A slow but purposeful and engaging remembrance.




In this debut memoir, Stevens pays tribute to his mother as an avid learner, wise teacher, and tender nurturer.

The author was born in 1958 and grew up in rural Indiana. As he describes his mother, Berthella (who receives co-author credit), it immediately becomes clear that she didn’t conform to traditional gender roles of the era. She had “perpetual struggles in the kitchen,” didn’t keep an immaculate home, and pursued “her own social and intellectual stimulation.” Her in-laws rejected such nonconformity, but it was a tremendous blessing to her nuclear family. She always had time for her children and for education—constantly learning new things and teaching others. She also embraced her talents, providing therapeutic massages in her home and writing a newspaper column about her local community. The memoir recounts Stevens’ childhood memories, but it’s truly about Berthella, with each chapter painting another stroke in a portrait of an exceptional woman. She’s shown to be fun-loving, as evidenced by an impromptu family food fight, and nurturing, as seen by her care of Stevens when he suffered from polio and later, two broken arms after a playground mishap. Ultimately, the author says, “she was crazy for life,” constantly finding joy and meaning in nature, language, and relationships. Stevens’ vivid details transport the reader directly into the time period and physical settings, and he has a gift for describing ordinary things in beautiful, artistic ways, allowing the audience to experience a zest for life that he seemingly inherited from his mother: “Strawberries grew like jewels in the treasure chest of our garden”; “she and I regularly plucked food from [the library’s] shelves for our ravenous minds.” The book’s slow pace is reflective of unhurried rural life. Still, each chapter draws the reader in, allowing them to glimpse life in the country and a woman who lived life to its fullest.

A slow but purposeful and engaging remembrance.

Pub Date: Oct. 9, 2018

ISBN: 978-1-73242-661-0

Page Count: 390

Publisher: Six Points Publishing

Review Posted Online: Sept. 8, 2018

Kirkus Reviews Issue: Nov. 1, 2018

Did you like this book?

No Comments Yet


This early reader is an excellent introduction to the March on Washington in 1963 and the important role in the march played by Martin Luther King Jr. Ruffin gives the book a good, dramatic start: “August 28, 1963. It is a hot summer day in Washington, D.C. More than 250,00 people are pouring into the city.” They have come to protest the treatment of African-Americans here in the US. With stirring original artwork mixed with photographs of the events (and the segregationist policies in the South, such as separate drinking fountains and entrances to public buildings), Ruffin writes of how an end to slavery didn’t mark true equality and that these rights had to be fought for—through marches and sit-ins and words, particularly those of Dr. King, and particularly on that fateful day in Washington. Within a year the Civil Rights Act of 1964 had been passed: “It does not change everything. But it is a beginning.” Lots of visual cues will help new readers through the fairly simple text, but it is the power of the story that will keep them turning the pages. (Easy reader. 6-8)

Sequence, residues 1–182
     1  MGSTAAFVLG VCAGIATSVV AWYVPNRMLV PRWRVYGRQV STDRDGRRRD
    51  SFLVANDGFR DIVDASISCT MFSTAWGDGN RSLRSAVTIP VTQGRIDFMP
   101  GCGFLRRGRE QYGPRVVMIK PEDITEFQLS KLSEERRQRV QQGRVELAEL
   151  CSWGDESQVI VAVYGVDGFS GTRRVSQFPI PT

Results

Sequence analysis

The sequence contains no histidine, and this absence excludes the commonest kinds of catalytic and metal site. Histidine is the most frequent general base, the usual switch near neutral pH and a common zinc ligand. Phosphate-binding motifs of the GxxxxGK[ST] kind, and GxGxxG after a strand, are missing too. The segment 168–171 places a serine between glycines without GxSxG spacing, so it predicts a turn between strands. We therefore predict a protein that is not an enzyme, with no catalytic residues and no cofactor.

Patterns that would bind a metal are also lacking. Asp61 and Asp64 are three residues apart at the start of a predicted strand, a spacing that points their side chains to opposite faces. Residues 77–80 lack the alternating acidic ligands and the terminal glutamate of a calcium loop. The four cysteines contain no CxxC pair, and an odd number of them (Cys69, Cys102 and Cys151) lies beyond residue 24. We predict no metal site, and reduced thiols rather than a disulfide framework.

Pub Date: Jan. 1, 2001

ISBN: 0-448-42421-5

Page Count: 48

Publisher: Grosset & Dunlap

Review Posted Online: May 20, 2010

Kirkus Reviews Issue: Dec. 1, 2000

Did you like this book?

No Comments Yet



Noted jazz and pop record producer Thiele offers a chatty autobiography. Aided by record-business colleague Golden, Thiele traces his career from his start as a ``pubescent, novice jazz record producer'' in the 1940s through the '50s, when he headed Coral, Dot, and Roulette Records, and the '60s, when he worked for ABC and ran the famous Impulse! jazz label. At Coral, Thiele championed the work of ``hillbilly'' singer Buddy Holly, although the only sessions he produced with Holly were marred by saccharine strings. The producer specialized in more mainstream popsters like the irrepressibly perky Teresa Brewer (who later became his fourth wife) and the bubble-machine muzak-meister Lawrence Welk. At Dot, Thiele was instrumental in recording Jack Kerouac's famous beat- generation ramblings to jazz accompaniment (recordings that Dot's president found ``pornographic''), while also overseeing a steady stream of pop hits. He then moved to the Mafia-controlled Roulette label, where he observed the ``silk-suited, pinky-ringed'' entourage who frequented the label's offices. Incredibly, however, Thiele remembers the famously hard-nosed Morris Levy, who ran the label and was eventually convicted of extortion, as ``one of the kindest, most warm-hearted, and classiest music men I have ever known.'' At ABC/Impulse!, Thiele oversaw the classic recordings of John Coltrane, although he is the first to admit that Coltrane essentially produced his own sessions. Like many producers of the day, Thiele participated in the ownership of publishing rights to some of the songs he recorded; he makes no apology for this practice, which he calls ``entirely appropriate and without any ethical conflicts.'' A pleasant, if not exactly riveting, memoir that will be of most interest to those with a thirst for cocktail-hour stories of the record biz. (25 halftones, not seen)

Pub Date: May 1, 1995

ISBN: 0-19-508629-4

Page Count: 224

Publisher: Oxford Univ.

Review Posted Online: May 20, 2010

Kirkus Reviews Issue: March 1, 1995

Did you like this book?